Halcyon Summers at the Cape

By | June 29, 2012

by Lee
(Scottsdale, AZ)

My maternal grandparents had a large summer home in Craigville Beach when I was growing-up. We had a big family, with 17 first cousins on their side alone! My family had moved out-of-state, but everyone else lived in New England, so my siblings and I got in touch with the extended family when we went to the Cape in the summers.

My grandparents house was full of character; it had secret passageways-designed originally for staff to come and go, but we kids all born in the 50’s and 60’s thought it most magical-it was our Hogwarts. We were accustomed to a home where there were no secrets- the parameters of our house back home was new and clean, but ever so boring!

So, needless to say, my grandparent’s house was exciting for a child. However, the sheer joy of our summers encompassed much more than the wonderful house. The house had, as all the homes did in the area, a walkway behind the house that went in two directions. One direction led to the beach-and it was lovely; copious trellises with overflowing roses, which lined the walk in each direction. The aroma was pure delight, and even now the smell of roses evokes a childlike delight that is not at all about valentines and wine-but rather is about pure childhood sensory happiness!

In the opposite direction the walk led to what can only be described as a fairy tale village. The village was composed of a small inn, a penney candy store called Mrs. Walker’s store, a beautiful wood A-framed church, and many small cottages-which looked like they were straight out of The Hobbit. It also bosted a tiny post office(resembeled something from Masterpiece Classics), and a shuffle-board court.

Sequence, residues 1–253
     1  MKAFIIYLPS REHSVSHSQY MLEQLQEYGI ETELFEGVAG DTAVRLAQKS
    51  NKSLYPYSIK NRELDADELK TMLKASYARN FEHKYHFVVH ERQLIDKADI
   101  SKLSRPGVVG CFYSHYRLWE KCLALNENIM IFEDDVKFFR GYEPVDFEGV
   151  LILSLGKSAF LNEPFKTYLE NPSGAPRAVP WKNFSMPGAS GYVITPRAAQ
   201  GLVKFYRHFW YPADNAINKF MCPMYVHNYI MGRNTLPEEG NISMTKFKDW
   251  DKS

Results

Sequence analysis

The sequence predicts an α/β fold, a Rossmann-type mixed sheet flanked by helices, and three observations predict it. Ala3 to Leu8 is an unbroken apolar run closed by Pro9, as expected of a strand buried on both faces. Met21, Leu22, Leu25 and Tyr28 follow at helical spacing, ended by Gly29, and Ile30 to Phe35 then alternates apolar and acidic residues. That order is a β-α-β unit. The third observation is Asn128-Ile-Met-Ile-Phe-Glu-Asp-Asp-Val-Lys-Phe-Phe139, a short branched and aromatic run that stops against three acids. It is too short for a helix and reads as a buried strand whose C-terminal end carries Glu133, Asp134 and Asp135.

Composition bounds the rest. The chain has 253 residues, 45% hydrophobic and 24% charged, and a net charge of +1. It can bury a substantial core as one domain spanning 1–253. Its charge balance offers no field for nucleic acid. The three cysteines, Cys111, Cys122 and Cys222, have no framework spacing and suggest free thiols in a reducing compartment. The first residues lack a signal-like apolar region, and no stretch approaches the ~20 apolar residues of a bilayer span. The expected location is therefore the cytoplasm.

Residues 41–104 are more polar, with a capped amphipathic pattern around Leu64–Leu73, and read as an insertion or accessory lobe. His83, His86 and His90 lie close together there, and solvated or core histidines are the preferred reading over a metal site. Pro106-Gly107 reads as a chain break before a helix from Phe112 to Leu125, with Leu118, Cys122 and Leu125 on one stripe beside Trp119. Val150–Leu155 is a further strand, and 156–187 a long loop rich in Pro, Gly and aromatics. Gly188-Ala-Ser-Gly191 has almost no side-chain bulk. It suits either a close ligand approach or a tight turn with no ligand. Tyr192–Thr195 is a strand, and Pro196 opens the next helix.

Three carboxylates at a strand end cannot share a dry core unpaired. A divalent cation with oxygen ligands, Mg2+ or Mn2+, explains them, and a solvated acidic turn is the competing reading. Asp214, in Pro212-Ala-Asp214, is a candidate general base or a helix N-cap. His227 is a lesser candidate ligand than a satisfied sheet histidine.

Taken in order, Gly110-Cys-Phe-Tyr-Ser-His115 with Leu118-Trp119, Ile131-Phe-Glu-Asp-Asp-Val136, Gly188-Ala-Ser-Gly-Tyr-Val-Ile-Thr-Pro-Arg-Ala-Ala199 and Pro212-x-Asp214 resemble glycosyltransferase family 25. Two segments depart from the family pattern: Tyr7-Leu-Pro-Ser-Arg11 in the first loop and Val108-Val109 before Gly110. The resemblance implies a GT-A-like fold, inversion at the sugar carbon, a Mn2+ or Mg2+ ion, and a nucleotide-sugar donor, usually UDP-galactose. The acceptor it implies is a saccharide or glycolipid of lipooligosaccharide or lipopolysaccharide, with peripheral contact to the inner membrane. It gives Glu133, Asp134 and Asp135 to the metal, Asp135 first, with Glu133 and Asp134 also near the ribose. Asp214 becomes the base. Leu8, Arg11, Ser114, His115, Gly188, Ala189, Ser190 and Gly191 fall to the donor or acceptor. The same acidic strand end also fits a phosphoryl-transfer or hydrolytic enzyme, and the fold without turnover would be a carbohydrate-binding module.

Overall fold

We kids would amble in the directon of the village when we had our fill of the beach. We would fill-up small paper bags with 50 cents worth of candy at Mrs. Walker’s store. Often, we would send post-cards to our (disadantaged) friends back home, and then we would play a few rounds of shuffle board. My older sister and I once ventured into the church where we stood stunned by the magnificent pipes of the organ. We, and this is a serious confession- tasted the wine that was intended for the parishioners the next morning. What a guilty pleasure that was! We reasoned that we were Catholics and the church was Protestant, and therefore we were safe from damnation for drinking the church wine! (O.K., it might have been grape juice).

I could go on and on! However, I will conclude this remembrance with a few thoughts. One, make sure your children have a little mystery and danger in their lives; boredom leads to bad behavior, and kids come into this world craving adventure. Two, let them indulge in something unhealthy occasionally, as they learn quickly that it doesn’t feel well when they go overboard (another story). Three, a wonderful family vacation is not just about resort destinations, it is about finding a place where there is history, there is variability, and there are small delights to explore and savour. Did I tell you about the bullfrogs on Lake Elizabeth? Oh, no- I guess that will have to wait till I get back in the story chair on the porch that overlooks- well there I go again . . . definitely another story!

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